Besides reacting violently to other inmates' perceived aggressiveness, prisoners in fear of being raped frequently resort to preemptive violence in order to escape to a lock-up unit where they will be protected from attack. Desperate for a transfer to safer surroundings, such inmates purposely act out violently before corrections staff. As one described:
I was sexually assaulted by 4 inmates (black). I went to staff. I was shipped to another unit. I refused to go to my housing assignment due to I was being put back into a life threatening condition. So I started to threaten the first black inmate I came into contact with. I was put in prehearing detention. That's September 15, 1995. I started possessing a weapon and threatening black inmates. That was the only way staff would keep me locked up in a single cell.(334)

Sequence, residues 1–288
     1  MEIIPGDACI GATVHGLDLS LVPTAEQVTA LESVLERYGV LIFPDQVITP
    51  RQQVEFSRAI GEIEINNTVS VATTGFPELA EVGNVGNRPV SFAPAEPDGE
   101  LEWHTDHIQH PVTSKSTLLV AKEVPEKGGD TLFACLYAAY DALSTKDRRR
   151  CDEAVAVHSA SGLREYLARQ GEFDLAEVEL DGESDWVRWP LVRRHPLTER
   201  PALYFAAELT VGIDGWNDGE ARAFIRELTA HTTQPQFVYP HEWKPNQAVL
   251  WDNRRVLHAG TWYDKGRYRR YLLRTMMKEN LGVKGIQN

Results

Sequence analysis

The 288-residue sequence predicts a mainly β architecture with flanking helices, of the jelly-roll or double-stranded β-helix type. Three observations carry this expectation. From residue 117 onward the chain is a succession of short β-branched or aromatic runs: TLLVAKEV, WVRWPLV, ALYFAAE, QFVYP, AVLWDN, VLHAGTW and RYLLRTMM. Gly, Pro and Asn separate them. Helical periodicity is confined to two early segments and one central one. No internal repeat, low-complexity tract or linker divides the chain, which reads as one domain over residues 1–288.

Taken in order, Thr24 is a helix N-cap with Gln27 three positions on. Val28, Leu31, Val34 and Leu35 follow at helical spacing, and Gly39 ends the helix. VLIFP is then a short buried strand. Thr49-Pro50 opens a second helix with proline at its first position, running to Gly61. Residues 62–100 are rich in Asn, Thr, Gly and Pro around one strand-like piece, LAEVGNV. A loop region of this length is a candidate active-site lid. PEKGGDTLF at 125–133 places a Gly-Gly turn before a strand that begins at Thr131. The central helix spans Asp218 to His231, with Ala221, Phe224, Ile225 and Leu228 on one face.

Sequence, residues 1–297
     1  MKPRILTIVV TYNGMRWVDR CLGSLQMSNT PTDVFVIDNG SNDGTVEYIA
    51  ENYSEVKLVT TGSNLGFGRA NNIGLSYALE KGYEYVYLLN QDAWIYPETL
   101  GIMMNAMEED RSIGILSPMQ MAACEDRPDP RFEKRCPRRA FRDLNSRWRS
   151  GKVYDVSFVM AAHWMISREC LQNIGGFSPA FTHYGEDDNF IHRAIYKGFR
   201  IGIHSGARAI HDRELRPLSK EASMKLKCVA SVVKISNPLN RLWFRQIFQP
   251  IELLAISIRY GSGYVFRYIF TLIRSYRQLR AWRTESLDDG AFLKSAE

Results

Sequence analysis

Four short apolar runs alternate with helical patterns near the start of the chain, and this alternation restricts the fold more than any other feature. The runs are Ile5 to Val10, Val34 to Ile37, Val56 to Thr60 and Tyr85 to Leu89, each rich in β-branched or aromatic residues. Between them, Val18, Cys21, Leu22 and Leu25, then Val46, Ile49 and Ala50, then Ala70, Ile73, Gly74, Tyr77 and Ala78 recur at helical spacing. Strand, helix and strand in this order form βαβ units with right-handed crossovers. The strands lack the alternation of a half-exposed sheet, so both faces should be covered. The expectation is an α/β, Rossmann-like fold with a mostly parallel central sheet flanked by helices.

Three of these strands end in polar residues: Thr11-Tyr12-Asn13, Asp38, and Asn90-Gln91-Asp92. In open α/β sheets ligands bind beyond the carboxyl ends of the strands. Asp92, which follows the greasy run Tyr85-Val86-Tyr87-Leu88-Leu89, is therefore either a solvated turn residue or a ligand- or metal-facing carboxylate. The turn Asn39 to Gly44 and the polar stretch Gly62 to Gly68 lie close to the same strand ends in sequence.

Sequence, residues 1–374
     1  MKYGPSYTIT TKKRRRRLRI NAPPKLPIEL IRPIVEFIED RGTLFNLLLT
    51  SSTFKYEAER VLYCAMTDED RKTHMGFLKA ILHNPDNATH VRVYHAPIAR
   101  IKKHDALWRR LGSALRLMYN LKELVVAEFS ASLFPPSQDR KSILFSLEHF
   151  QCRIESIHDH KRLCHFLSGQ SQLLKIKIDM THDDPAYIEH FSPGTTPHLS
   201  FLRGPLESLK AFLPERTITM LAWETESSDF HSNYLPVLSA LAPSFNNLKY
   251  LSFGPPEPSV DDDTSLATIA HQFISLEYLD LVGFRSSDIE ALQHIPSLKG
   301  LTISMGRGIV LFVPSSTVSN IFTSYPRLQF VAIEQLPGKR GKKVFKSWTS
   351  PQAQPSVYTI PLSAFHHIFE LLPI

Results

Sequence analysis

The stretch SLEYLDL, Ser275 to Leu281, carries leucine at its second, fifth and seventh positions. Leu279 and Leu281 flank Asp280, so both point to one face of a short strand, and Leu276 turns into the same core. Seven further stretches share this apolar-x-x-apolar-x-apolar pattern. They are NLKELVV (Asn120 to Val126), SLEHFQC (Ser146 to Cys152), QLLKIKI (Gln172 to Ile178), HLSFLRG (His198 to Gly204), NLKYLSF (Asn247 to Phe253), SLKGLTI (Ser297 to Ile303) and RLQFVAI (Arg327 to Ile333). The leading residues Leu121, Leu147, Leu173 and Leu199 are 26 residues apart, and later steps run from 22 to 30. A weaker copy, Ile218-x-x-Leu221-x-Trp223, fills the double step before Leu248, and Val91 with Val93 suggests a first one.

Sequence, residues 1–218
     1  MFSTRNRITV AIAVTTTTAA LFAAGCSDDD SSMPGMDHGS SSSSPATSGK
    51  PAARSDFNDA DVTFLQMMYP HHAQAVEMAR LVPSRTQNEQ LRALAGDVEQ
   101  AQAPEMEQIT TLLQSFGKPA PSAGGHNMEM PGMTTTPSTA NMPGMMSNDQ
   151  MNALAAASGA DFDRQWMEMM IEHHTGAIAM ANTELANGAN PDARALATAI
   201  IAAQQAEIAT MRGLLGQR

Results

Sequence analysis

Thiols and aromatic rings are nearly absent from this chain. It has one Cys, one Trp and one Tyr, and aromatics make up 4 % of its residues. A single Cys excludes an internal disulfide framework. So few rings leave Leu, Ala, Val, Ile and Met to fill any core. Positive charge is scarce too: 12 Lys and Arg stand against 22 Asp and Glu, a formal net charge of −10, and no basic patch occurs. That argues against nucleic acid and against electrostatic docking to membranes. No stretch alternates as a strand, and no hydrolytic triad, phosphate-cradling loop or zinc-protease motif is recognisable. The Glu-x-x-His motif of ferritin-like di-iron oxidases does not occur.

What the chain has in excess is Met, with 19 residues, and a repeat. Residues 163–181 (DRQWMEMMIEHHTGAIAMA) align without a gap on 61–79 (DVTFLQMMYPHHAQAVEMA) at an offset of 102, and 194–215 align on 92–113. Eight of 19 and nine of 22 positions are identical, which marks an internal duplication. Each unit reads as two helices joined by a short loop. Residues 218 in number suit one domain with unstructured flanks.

Interestingly, even though violent behavior in prison constitutes a disciplinary infraction and can, in serious cases, result in criminal prosecution and more prison time, corrections officials frequently urge inmates to employ violence to defend themselves from attack. Past studies have found that prison staff counsel prisoners to respond to the threat of sexual assault by fighting the aggressor.(335) Inmates have often reported to Human Rights Watch that guards warn them, "no one is going to babysit you"--letting them know that they have to "act like a man," that is, to react violently to aggressive sexual overtures.